Nor should I be surprised when he sets up a satellite dish on the lawn, but, somehow, I am. It’s for the grandkids, he says. Oh. Got it. For the children.
Right now, my list of RV problems is actually shrinking, so I’m able to relax a bit and enjoy the campground ambience. This is a happy park, with loads of families, dogs, and giant RVs the size of Nebraska, and they’ve brought along more of everything: more games, more kids, more relatives, and more musical instruments, because this week is the Bluegrass Music Festival. Entire multi-generational musical troupes are practicing together, and that’s a wonder to see. I love it that families have found a way to connect through the ages here via the magic medium of music.
I do have one new concern, though, and it’s kind of a big deal, in so much as it involves potty training. It seems that my black water tank didn’t completely empty at my last stop, and, since this park doesn’t have sewer hook-up, that presents a problem, which is: I can no longer “go” in my own toilet because it’s already nearly full. I’ll have to use the (cue horror music) dum-dum-dum-Dummm…public facilities.
But, worse than that, when I look up a potential fix, the solutions range from the improbable to the horrific. One fellow suggests having your son take the business end of the sewer tube and carry it onto the roof of the RV, from where he can hose water down the tube until gravity does its work, then quickly release the pipe. Other suggestions range from the introduction of potentially explosive chemicals to standard roto-rooter style plumbing applications. I read enough warnings about “back-splatter” avoidance to understand that this is yet another part of the RV experience that you only hear about in comedy movies.
I finally settle on buying a quart of some solvent from the RV store that I’ll introduce tomorrow along with some hot water. The plan is to let the toxic brew simmer and slosh in the tank all day until I reach Michigan. Then, I will be ready to release the Kraken onto the grounds of my unsuspecting hosts. Just like another comedy movie, come to think of it.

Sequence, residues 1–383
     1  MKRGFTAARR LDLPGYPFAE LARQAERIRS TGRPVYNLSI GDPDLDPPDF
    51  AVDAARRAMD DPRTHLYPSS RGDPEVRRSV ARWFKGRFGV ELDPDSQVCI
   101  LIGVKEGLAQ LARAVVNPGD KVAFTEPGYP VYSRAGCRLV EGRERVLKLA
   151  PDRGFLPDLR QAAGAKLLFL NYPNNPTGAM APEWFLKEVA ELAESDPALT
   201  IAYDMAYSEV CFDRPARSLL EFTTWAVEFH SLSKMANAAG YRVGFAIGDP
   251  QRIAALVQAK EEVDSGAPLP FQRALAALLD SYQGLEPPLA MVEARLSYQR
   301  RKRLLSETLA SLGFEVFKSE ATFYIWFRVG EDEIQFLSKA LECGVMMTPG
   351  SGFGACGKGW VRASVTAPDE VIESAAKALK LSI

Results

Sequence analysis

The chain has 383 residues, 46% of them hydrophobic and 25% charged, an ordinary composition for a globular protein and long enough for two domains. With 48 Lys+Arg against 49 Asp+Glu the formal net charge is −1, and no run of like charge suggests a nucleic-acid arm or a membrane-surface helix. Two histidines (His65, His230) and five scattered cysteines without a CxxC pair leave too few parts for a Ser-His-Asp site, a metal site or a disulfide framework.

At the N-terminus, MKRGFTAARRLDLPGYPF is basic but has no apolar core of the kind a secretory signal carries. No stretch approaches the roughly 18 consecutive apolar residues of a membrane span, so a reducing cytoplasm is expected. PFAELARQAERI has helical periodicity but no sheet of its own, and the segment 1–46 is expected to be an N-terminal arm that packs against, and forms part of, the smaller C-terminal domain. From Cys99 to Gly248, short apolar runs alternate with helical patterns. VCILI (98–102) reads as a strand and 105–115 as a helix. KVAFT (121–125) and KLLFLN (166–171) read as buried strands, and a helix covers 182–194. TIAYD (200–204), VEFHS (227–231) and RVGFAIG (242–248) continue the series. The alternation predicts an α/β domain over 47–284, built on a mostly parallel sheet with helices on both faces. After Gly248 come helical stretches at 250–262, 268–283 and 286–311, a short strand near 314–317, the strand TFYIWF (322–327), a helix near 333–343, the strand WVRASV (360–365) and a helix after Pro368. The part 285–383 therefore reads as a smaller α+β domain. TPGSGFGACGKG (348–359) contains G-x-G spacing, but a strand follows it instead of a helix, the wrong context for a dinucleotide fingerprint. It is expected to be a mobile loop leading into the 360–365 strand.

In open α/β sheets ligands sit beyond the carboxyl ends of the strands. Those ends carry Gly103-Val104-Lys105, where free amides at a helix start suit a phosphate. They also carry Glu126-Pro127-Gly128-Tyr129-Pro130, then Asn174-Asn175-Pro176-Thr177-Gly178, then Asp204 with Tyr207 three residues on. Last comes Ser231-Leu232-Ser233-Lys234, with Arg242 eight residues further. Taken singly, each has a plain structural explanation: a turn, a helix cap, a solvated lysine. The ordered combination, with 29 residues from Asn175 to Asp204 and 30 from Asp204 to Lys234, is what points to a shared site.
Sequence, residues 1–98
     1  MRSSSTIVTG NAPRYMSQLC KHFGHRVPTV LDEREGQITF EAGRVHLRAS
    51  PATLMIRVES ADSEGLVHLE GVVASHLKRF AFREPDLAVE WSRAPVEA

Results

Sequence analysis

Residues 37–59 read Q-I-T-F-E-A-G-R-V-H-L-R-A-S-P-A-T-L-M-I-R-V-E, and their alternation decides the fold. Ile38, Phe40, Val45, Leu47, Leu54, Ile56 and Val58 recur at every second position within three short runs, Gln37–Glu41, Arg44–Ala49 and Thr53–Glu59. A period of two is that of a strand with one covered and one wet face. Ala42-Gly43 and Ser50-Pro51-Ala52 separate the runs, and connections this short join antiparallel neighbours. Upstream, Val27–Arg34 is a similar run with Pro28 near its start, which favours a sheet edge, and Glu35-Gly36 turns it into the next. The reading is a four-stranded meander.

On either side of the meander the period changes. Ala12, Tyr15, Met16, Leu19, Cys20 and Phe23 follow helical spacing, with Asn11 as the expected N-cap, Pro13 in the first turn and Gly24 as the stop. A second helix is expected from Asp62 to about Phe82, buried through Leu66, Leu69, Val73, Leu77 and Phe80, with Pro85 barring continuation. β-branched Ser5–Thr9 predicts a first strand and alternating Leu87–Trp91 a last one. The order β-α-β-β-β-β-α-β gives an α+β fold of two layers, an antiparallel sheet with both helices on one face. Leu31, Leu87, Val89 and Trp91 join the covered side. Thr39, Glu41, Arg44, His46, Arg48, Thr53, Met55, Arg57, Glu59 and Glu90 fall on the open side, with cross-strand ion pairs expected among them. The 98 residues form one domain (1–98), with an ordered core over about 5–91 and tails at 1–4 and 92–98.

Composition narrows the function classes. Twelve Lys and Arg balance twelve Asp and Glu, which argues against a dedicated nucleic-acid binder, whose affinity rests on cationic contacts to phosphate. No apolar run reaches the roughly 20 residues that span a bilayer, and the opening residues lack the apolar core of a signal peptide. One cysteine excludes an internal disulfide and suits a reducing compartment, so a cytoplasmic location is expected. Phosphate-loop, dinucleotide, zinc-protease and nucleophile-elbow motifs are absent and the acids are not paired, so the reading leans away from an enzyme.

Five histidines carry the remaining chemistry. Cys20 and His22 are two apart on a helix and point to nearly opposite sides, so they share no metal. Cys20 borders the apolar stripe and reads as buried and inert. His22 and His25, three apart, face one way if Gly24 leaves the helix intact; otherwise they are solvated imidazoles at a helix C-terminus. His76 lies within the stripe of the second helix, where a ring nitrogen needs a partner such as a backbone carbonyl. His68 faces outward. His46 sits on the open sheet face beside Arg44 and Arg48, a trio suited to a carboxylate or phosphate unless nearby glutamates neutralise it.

So, once again, to summarize: I do have hot water now, but can’t use my own toilet, the front door still sticks, the bathroom door won’t close, and I still have a laundry list of items I need to buy at the RV store when we get a chance, including a spare tire. What I don’t have is a golf cart or the space to put it in, but, as I’m told it’s a necessity, I’ll have to start thinking about an upgrade already.
Here’s the addition to the RV money pit for this leg:
- Fuel $126
- Groceries $75
- Entry Fees $43
- Campground $101
…And here’s the estimate for a car traveler:
- Fuel $50
- Groceries $0
- Dining out $210
- Hotel $420
So, ‘nuff said. Car travel costs a lot more if we don’t count the cost of the RV itself. But…
Notes about the RV travel:
- I get the impression the list of things to fix/do never goes away
- There is a bit of a spirit of “one-upmanship” that I hadn’t noticed before.
- It really is relaxing to sit outside and enjoy a cocktail as the sun goes down. I can’t remember the last time I just sat outside and enjoyed myself.
About the Kentucky Horse Park:
It’s worth a trip! We took two very leisurely days to see it (one admission price gets you in for both visits). There are a number of shows that are more educational than trick riding, and the museum is a fascinating look at horses from the late Pleistocene through Secretariat. Even if you’ve never had any interest in these beautiful creatures I think you’d find the trip quite worthwhile. It’s a great place for kids and adults alike, and there’s enough interaction between the animals and the visitors to keep it interesting.
Tomorrow, I have a long drive to visit my friends in Michigan. See you soon!